Data Security in Cloud

DOI : 10.17577/IJERTCONV3IS15045

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Data Security in Cloud

R. Boopathi,

Student, department of Information technology Kumaraguru College of technology Coimbatore, India.

B. Gopinathan,

Student, department of Information technology Kumaraguru College of technology Coimbatore, India.

Abstract – Cloud based computing services is among the fastest growing sections of the IT industry due to features such as attractive cost savings for buyers, accessibility & reliability options for users and scalable sales for providers, especially as recession-hit institutions are increasingly cost conscious.An overview of current and upcoming cloud computing threats and cyber security risks such as hacks, cracks and carelessness.And then concludes with a review of building cloud security awareness and minimizing the risks associated with cloud computing.


A. Cloud Computing

Cloud based computing services is among the fastest growing sections of the IT industry due to features such as attractive cost savings for buyers, accessibility & reliability options for users and scalable sales for providers, especially as recession-hit institutions are increasingly cost conscious.

    1. ypes

      There are four types of cloud computing. They are

      • Public cloud

        It is, in which a service provider makes resources, such as applications and storage, available to the general public over the Internet. Public cloud services may be free or offered on a pay-per-usage model.

      • Private cloud.

        The private cloud is a data center that supplies services to a limited number of people. When a service provider uses public cloud resources to create their private cloud, the result is called a virtual private cloud.

      • Community cloud

        The community cloud may be established where several organizations have similar requirements and

        seek to share infrastructure. This option is more expensive but may offer a higher level of privacy, security and/or policy compliance. Examples of community cloud include Google's "Gov. Cloud".

      • Hybrid cloud

The term "Hybrid Cloud" has been used to mean either two separate clouds joined together (public, private) to provide a single common service. Two clouds that have been joined together are more correctly called a "combined cloud".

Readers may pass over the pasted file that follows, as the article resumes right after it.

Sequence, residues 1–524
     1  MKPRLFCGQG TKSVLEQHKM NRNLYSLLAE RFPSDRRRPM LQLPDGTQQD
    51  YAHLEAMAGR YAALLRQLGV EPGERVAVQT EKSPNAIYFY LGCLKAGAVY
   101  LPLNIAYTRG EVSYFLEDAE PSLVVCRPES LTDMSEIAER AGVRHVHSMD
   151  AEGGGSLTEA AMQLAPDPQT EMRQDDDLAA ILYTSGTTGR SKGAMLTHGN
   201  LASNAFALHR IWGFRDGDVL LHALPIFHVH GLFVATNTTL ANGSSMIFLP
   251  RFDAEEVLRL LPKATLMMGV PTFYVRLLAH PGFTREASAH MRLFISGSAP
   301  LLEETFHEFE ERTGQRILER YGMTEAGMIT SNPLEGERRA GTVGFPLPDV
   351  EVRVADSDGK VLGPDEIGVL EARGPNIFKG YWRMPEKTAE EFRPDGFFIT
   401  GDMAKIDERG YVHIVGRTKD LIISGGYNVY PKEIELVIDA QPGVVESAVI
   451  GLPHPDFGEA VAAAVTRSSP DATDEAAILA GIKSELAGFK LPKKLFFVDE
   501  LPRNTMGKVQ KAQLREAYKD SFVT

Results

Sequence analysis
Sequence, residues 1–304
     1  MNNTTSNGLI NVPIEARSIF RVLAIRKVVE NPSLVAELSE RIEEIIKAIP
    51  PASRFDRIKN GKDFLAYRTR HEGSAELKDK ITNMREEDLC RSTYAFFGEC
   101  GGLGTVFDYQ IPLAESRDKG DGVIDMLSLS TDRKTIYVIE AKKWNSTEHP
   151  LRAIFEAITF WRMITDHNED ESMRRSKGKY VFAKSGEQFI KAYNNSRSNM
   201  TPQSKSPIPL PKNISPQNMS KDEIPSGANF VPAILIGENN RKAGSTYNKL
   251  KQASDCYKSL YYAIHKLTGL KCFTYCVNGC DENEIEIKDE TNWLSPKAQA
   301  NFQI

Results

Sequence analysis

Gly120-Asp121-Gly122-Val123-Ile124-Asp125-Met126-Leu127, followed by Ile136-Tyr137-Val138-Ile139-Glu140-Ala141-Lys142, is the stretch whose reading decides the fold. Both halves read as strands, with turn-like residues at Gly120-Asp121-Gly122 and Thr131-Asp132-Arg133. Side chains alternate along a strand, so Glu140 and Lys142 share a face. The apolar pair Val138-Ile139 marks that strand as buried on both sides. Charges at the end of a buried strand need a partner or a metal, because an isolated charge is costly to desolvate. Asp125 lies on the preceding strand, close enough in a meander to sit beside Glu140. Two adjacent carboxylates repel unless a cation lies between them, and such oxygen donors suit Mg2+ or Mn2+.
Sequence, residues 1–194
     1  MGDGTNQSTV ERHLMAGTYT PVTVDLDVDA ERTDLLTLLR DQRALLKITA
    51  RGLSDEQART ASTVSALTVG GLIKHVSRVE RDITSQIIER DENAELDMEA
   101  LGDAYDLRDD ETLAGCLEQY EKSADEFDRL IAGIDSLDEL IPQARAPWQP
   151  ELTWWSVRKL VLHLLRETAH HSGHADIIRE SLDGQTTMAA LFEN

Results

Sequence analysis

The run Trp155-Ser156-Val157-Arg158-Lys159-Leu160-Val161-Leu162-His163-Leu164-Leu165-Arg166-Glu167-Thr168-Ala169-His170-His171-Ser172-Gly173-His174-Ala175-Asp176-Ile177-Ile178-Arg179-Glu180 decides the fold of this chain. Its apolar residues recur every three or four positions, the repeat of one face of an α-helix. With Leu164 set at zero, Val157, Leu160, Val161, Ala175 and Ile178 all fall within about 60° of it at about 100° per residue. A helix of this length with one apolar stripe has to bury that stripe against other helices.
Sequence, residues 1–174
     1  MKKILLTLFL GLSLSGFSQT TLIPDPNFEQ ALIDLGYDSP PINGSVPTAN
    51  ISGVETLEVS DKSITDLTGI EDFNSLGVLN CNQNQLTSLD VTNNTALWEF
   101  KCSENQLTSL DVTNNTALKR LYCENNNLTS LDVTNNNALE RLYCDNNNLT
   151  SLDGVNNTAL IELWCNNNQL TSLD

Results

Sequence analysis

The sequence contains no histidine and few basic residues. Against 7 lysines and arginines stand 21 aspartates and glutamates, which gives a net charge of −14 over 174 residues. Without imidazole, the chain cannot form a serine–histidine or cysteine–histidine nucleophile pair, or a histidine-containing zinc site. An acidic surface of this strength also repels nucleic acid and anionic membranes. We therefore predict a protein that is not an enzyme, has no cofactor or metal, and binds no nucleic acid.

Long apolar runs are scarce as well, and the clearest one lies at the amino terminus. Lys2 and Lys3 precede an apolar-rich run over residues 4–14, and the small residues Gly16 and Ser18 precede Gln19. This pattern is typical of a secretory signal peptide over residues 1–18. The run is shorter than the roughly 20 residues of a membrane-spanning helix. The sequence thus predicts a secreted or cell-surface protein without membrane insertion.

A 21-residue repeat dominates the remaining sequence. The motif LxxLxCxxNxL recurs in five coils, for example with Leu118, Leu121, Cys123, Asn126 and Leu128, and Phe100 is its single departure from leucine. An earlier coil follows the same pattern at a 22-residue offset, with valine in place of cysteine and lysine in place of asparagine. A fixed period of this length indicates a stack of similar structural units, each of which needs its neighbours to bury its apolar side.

1. Service model architecture

    • Infrastructure-as-a-Service (IAAS)

      Like Amazon Web Services provides servers with unique IP addresses and blocks of storage.Customers use the provider's application program to start, stop, access and configure their virtual servers and storage.

    • Platform-as-a-service (PAAS)

      It is as a set of software and product development tools hosted on the provider's infrastructure.Developers create applications on the provider's platform over the Internet. PaaS providers may use APIs, website portals or gateway software installed on the customer's computer. Developers need to know that currently, there are not standards for interoperability or data portability in the cloud.

    • Software-as-a-service (SAAS)

The vendor supplies the hardware infrastructure, the software product and interacts with the user through a front-end portal. Because the service provider hosts both the application and the data, the end user is free to use the service from anywhere.


      1. Data breaches

        It describing how a virtual machine could use side-channel timing information to extract private cryptographic keys in use by other VMs on the same server. A malicious hacker wouldn't necessarily need to go to such lengths to pull off that sort of feat, though. If a multitenant cloud service database isn't designed properly, a single flaw in one client's application could allow an attacker to get at not just that client's data, but every other clients data as well.

        You could encrypt your data to reduce the impact of a breach, but if you lose your encryption key, you'll lose your data. However, if you opt to keep offline backups of your data to reduce data loss, you increase your exposure to data breaches.

      2. Prospect of seeing your valuable data disappear into the ether without a trace

        A malicious hacker might delete a target's data out of spite but then, you could lose your data to a careless cloud service provider or a disaster, such as a fire, flood, or earthquake. Compounding the challenge, encrypting your data to ward off theft can backfire if you lose your encryption key.Data loss isn't only problematic in terms of impacting relationships with customers, the report notes. You could also get into hot water with the feds if you're legally required to store particular data to remain in compliance with certain laws, such as HIPAA.

      3. Account or service traffic hijacking

        If an attacker gains access to your credentials, he or she can eavesdrop on your activities and transactions, manipulate data, return falsified information, and redirect your clients to illegitimate sites. "Your account or services instances may become a new base for the attacker.The key to defending against this threat is to protect credentials from being stolen.

      4. Insecure interfaces and APIs

        IT admins rely on interfaces for cloud provisioning, management, orchestration, and monitoring. APIs are integral to security and availability of general cloud services.From there, organizations and third parties are known to build on these interfaces, injecting add-on services."This introduces the complexity of the new layered API; it also increases risk, as organizations may be required to relinquish their credentials to third parties in order to enable their agency," the report notes.

        Advice here is for organizations to understand the security implications associated with the usage, management, orchestration, and monitoring of cloud services. Weak interfaces and APIs can expose an organization to such security issues pertaining to confidentiality, integrity, availability, and accountability.

      5. Denial of service